Participants in a VPA workshop go through a three-tier program: scoping, stakeholder consultation and action. The scoping stage varies from a quick scan to a desk study. The scoping stage starts with a kick-off meeting. Once participants have a basic idea of things to come they see the first VPA documentary. The documentary is the introduction to a desk study focusing on mastering subject-matter knowledge. Reflective forms guide this desk study. Participants answer reflective questions on the subject(s) they want to study, study strategies, activities and outcomes (whether their questions were answered or not). The facilitators provide feedback on these reflective forms. This reflective journal enhances an active-learning of the students and staff: it allows them to assess the information gained to monitor progress and their own learning activities, as after each step they have to make up their mind before taking a conscious decision about the next step.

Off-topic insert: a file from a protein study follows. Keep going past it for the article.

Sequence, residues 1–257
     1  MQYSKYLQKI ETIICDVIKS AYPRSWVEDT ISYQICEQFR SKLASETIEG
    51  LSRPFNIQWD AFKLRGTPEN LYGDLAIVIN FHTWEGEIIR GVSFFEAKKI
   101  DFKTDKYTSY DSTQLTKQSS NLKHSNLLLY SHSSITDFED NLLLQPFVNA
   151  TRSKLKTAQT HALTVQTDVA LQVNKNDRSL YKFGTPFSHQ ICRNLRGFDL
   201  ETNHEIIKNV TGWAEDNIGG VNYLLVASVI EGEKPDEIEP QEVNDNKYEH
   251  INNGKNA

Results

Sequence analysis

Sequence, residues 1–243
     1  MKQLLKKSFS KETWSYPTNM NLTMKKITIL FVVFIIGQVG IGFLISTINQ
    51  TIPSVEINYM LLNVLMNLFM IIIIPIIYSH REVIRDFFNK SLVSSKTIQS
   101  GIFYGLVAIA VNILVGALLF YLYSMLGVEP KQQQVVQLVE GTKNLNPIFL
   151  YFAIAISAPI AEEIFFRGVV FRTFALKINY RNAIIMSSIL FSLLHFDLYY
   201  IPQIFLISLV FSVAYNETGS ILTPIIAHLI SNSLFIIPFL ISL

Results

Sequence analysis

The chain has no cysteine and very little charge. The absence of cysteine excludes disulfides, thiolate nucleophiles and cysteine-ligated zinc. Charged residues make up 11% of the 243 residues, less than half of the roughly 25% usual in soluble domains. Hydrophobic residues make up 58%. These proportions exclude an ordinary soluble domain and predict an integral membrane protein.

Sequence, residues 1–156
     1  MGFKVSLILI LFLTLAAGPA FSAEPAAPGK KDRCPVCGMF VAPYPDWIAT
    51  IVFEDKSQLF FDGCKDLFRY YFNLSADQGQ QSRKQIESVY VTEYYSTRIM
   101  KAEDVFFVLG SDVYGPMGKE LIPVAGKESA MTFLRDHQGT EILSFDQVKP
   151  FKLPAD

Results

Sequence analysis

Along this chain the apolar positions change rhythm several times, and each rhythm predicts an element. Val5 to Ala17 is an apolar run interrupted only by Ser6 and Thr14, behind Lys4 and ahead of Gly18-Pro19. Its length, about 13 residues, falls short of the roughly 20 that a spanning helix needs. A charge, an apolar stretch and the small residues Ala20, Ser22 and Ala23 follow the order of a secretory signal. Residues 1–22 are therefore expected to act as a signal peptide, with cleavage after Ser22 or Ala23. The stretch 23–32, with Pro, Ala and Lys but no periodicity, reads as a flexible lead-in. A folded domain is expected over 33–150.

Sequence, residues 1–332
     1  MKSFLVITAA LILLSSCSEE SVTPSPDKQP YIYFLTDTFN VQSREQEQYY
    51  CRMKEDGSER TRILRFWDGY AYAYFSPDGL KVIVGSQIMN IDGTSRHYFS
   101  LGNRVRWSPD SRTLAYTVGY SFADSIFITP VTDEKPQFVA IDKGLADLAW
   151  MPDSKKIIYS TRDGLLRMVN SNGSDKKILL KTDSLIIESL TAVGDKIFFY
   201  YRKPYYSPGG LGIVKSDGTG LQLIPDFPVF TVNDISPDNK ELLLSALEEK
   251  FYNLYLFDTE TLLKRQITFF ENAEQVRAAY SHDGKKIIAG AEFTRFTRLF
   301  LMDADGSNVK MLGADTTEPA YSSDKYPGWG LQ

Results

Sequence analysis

During the simulated stakeholder consultation, which is at the core of the VPA, the VPA participants view a selected number of interviews out of the available ones. The selection simulates conditions which are in line with the reality of stakeholder consultation where constraints of time, resources and availability of respondents are influential. Reflective forms guide the process of selection and interviewing: each team has to convince the facilitators about the appropriateness of the selected interviewee, before they are allowed to ‘meet him or her’. After each interview, teams fill in a reflective form articulating their actions and decisions as a basis for the feedback session with facilitators. The feedback sessions of the team and facilitators provide opportunities for a variety of instruction activities. ‘Meeting’ a number of stakeholders allows the participants to learn about the different perspectives of these interviewees and the way they frame their problems. These stakeholder interviews are experienced by VPA participants as a mediated though realistic simulation.

In the action stage participants have to interpret and organize the overwhelming palette of confusing, contrasting, and contradicting information and formulate recommendations for action. This can take various shapes such as scenario development, policy design or elaborated project proposals.